Computer scientists are invited to a 24-hour straight programming competition this Friday.
An education-focused organization, Apps4VA, is calling on Virginia Tech’s many computer aficionados to take on an opportunity to earn big bucks by developing an app.
They are calling for developers, coders and designers to see who can develop the most useful education-oriented apps based on a particular data catalog that Apps4VA provides.
The data system competitors will use — called the Virginia Longitudinal Data System — was created to aggregate data on the progress of students in Virginia’s public schools. It was created for the use of educators and policy makers.
Apps4VA is hosting the Hack-a-thon in five different locations across Virginia on Oct. 19.
Carole Ottenheimer, a senior research analyst for the Center for Innovative Technology has helped to organize the statewide event. She hopes the competition will spur more interest and creativity.
“We thought a Hack-a-thon, in addition to being fun, would be an effective way to get apps, to get the word out to the community, and just involve other people besides typical bureaucrats in getting data and thinking outside the box,” Ottenheimer said.
Additionally, the 24-hour nature of the event makes it unique.
“We’re not requiring people to stay there during the night, but we’ll be open during the night for people to continuously code,” Ottenheimer said. “Some people may choose to go get a couple hours of sleep.”
Apps4VA is looking for any kind of software application that uses at least one of the required datasets in their data catalog.
Participants can also create “mash-ups” that combine at least one of the required datasets with any others that are publicly available.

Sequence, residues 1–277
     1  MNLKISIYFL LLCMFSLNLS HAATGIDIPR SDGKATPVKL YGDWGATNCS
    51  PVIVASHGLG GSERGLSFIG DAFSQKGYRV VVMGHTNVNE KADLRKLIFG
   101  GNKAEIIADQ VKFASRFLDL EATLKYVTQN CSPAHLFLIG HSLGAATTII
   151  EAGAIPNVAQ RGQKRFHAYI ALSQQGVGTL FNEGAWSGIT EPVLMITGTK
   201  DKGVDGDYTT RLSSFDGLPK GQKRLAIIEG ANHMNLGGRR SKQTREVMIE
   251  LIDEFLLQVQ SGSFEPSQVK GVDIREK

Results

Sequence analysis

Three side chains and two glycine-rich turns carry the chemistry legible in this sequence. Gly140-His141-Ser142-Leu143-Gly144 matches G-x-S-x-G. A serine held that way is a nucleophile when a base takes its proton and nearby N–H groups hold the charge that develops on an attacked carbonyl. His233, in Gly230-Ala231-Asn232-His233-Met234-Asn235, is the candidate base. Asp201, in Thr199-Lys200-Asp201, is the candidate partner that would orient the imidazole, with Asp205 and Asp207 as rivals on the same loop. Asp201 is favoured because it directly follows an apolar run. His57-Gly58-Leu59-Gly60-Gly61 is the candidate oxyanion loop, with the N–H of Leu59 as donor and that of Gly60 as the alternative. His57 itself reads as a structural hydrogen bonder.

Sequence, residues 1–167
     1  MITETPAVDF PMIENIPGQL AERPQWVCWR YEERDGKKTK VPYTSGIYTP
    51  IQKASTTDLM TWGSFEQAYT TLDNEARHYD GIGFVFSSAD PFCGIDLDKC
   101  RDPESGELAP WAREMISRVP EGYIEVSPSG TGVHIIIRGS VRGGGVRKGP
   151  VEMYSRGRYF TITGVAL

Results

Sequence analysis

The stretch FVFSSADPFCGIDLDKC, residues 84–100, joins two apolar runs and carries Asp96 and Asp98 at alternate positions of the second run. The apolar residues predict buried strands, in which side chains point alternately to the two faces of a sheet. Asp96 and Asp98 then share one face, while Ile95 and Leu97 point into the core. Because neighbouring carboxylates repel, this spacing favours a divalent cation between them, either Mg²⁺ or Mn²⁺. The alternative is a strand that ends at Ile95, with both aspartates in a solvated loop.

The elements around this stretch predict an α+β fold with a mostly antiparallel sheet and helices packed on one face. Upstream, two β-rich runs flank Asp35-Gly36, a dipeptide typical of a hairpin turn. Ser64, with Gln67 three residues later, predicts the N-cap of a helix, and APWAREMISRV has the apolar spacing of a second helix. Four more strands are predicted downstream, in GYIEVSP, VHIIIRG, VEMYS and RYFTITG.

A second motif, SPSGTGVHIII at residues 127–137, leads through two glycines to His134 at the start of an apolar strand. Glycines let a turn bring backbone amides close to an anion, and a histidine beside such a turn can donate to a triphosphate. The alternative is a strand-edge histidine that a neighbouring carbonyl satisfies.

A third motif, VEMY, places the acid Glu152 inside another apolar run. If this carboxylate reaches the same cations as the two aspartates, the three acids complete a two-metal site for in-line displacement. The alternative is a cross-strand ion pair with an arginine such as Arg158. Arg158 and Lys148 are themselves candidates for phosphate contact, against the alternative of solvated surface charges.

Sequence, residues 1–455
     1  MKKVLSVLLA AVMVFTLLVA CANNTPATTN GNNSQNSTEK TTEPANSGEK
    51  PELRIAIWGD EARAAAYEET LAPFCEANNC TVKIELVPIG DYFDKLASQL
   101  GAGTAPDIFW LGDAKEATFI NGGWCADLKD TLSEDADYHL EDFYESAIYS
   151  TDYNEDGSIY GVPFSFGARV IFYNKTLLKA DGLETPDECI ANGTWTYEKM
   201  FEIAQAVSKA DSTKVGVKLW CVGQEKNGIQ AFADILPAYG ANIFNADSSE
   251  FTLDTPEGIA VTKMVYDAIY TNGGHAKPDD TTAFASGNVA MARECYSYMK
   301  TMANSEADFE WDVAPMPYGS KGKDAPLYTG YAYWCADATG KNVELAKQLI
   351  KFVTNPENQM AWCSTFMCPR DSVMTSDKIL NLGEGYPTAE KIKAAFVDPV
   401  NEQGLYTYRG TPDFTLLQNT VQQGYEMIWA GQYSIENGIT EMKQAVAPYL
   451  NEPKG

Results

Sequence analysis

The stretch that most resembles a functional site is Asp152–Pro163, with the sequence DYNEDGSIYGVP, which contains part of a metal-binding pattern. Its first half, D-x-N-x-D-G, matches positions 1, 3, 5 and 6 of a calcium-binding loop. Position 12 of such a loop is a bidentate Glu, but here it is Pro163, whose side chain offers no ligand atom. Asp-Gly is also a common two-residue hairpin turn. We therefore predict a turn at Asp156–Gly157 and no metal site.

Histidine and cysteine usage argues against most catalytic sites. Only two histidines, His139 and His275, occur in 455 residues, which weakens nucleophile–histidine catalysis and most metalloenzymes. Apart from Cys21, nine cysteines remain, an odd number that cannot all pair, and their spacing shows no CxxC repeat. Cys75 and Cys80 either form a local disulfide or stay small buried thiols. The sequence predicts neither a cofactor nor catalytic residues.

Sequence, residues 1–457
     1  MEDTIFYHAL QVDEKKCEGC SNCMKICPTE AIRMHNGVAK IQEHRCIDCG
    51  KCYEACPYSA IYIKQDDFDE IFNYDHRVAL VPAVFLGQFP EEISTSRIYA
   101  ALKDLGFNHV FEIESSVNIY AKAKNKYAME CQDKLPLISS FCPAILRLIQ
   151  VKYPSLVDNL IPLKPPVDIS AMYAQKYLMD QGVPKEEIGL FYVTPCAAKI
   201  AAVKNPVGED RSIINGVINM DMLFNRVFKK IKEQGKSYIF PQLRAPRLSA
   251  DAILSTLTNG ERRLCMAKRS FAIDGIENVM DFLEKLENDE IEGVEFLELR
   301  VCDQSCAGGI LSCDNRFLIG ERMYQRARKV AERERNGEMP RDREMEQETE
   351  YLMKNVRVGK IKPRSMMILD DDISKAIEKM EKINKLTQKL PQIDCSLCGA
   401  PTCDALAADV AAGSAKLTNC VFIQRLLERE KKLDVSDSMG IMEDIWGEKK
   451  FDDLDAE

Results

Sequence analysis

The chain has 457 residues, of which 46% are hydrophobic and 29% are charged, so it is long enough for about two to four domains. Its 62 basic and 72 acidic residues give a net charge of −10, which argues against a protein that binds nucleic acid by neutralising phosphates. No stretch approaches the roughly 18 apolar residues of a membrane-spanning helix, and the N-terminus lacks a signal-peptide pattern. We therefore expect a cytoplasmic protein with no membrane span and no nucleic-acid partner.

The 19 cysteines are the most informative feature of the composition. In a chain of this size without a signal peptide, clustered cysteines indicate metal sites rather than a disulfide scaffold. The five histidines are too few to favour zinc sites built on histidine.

Blacksburg is one of five locations hosting the Hack-a-thon. The others will be in Charlottesville, Norfolk, Roanoke and Richmond, with each Hack-a-thon being simultaneously broadcasted to the others.
Registration is required, but can be done both online and on-site of the competition before it begins.
The grand prize, awarded to the best application created in the state, is $1,500. Each location will also be awarding a first prize of $750, as well as a “Hacker’s Choice” award of $250. Throughout the competition, smaller prizes will be awarded from sponsoring companies.
The Blacksburg division of the Hack-a-thon will be hosted at the facility for Virginia Tech’s Institute for Creativity, Arts and Technology in Collegiate Square, or ICAT. The event is free and participants will be provided with meals.
The Hack-a-thon host, Apps4VA, is a software application development program launched jointly by the CIT and the Virginia Department of Education.
Their mission is to develop and implement a data system that records the educational progress of Virginia students, following them from early childhood schooling all the way to graduate education.
The system also aims to link teachers and students, while still accounting for the privacy and confidentiality of the student.
Apps4VA will still be hosting an additional open competition, without time restraints, seeking the same submissions as required in the Hack-a-thon. Submissions are due by Nov. 15 online.
Winning app builders from that competition will earn substantially larger dollar amounts, with the first-prize
winner taking home $5,000.
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